That $520 million would go towards schools in many forms of aid. One type of aid is net option funding which Westside already received. To calculate how much net option funding a district receives, they use a formula that takes the number of opt-in students the district has compared to the number of students who live in that district but opt-out to other schools. 

Another type of aid schools around the state also already receive is equalization aid. As Gabrial explained it, equalization aid is for when a school’s designated needs exceed its resources.

“Currently, there’s a big, gigantic, very complex formula that spits out a couple different numbers that figures out how much you need as a district,” Gabrial said. “Then there’s another formula for how much resources you currently have at your disposal…Subtract those two and you get what’s called equalization aid.”

 However, Westside doesn’t qualify for any. There’s an additional type of aid 974 proposes that would be new to Nebraska called foundation aid. Foundation aid, according to Gabrial, is money a district would receive per student. LB 974 also proposes transition aid, meant to cover losses for districts who have financial difficulty adjusting to their lowered taxing authority. 

“We still might come out slightly ahead in that year one,” Gabrial said. “Year two we would definitely be behind and need that transition aid. After that, it’s hard to project, but I don’t think we would get transition aid in year three. But at the end of the day, if you get transition aid, think about what that means, right? If you get transition aid that means you have less money this year than you had the year before. So it helps, but it’s certainly not something that you would want to get.”

The amount of transition aid qualifying schools would receive would lower yearly. 

“Transition Aid will be 100% of the difference in 2020-21; 75% of the difference in 2021-22; and 50% of the difference in 2022-23,” the Statement of Intent reads. “The amount of Transition Aid will be appropriated by the Legislature and prorated to the school districts.”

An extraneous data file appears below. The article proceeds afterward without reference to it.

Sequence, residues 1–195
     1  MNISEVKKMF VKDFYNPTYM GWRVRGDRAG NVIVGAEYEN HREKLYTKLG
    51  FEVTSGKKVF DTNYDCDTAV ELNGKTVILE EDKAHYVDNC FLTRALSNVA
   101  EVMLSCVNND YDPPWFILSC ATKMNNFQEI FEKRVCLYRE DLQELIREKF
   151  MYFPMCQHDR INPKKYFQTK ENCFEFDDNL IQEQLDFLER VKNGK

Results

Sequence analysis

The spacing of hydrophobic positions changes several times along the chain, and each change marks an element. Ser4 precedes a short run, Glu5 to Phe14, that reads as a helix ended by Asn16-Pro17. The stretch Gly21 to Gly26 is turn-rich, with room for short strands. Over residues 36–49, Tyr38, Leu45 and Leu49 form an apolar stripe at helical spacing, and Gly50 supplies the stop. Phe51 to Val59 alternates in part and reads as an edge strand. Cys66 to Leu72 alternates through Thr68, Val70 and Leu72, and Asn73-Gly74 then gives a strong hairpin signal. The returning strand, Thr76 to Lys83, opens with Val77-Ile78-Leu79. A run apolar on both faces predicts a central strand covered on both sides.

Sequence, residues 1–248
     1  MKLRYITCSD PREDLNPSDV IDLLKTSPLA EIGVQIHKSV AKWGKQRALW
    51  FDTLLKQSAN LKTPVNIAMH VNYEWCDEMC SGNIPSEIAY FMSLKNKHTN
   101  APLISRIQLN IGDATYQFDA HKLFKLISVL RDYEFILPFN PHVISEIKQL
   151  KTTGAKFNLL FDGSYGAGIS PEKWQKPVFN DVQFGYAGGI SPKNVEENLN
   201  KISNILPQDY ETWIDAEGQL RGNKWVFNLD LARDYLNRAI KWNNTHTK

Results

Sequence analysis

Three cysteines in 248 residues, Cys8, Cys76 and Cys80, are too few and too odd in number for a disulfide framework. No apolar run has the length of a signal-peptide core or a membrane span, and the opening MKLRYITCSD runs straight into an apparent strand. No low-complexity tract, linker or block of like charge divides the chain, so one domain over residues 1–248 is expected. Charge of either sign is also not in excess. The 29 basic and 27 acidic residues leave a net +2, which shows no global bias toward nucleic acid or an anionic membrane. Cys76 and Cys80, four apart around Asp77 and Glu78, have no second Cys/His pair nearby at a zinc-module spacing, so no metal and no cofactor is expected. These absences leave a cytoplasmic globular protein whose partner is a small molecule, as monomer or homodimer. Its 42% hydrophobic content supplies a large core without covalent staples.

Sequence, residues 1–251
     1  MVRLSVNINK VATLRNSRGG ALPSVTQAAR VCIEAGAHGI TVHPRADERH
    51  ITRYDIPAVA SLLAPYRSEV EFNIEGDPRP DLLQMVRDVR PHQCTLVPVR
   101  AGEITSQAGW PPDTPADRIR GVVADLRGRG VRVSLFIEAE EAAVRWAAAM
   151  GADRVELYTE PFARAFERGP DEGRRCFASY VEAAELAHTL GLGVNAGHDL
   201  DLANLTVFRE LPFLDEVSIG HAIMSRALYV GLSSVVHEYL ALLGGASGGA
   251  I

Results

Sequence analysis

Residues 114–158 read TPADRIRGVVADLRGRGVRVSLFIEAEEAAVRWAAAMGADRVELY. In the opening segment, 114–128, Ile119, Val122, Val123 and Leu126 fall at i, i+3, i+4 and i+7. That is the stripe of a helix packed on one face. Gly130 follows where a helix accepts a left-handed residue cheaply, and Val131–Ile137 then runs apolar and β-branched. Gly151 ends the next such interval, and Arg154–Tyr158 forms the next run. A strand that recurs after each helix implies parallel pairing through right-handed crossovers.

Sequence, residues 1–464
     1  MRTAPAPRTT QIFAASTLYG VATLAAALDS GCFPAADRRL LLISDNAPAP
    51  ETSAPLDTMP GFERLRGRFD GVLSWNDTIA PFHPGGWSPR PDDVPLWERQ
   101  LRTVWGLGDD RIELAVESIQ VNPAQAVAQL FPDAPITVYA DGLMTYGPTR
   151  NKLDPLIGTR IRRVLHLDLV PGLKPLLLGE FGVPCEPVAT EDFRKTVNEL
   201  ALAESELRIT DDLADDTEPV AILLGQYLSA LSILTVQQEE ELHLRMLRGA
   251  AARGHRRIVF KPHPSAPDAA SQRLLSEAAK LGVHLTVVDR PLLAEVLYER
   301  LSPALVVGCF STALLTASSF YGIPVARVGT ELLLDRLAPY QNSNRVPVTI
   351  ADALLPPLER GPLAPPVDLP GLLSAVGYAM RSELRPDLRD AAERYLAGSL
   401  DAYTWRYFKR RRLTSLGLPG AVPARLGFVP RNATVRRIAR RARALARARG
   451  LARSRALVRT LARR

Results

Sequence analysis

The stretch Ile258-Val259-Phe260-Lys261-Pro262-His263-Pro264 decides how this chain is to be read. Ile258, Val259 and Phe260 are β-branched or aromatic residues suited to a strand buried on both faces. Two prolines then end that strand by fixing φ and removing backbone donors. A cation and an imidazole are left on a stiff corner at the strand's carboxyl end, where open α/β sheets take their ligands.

The concern the district has is that these types of state aid wouldn’t be sufficient in covering the amount schools would make otherwise through their property taxes. How much money would Westside be out, exactly? It’s hard to know for sure, but according to the legislature’s estimates, obtained from a Tweet sent out by Superintendent Lucas, in year one we would receive a total revenue of $70,969,020. For year two, however, we would receive a total of only $67,758,909—about a $3.2 million dollar difference in revenue. The legislative office also projected a loss of $550,000 for year three. Because of these financial losses, District 66 representatives said they are adamantly against the bill. 

“974 is something our school board has been actively opposed to,” Lucas said. “Please don’t get us wrong, we are very excited and hungry for less reliance on local property taxes to fund education, but 974, we don’t see it as that vehicle to do so. We run different analyses and they range from a loss of 2.8 to 3.9 million dollars over the next three years and we just don’t see that as a good policy.”

If LB 974 was passed, Gabrial said there would have to be a lot of discussion to figure out how to adjust to the new budget in year two.

“Clearly there would be a lot of conversation, a lot of back and forth between board and superintendent, advice from myself, we would get community stakeholders involved,” Gabrial said. “I mean it would be a lot of work and it would be painful, because going to cut something that’s really really important and crucial to somebody. Every program and every teacher is important to us, so how do you choose which thing to fund less?”

Gabrial said that while he agrees Nebraska is too reliant on property taxes for education, he sees these tax authority reductions as negative because the district doesn’t aim to take unfair advantage over its residents.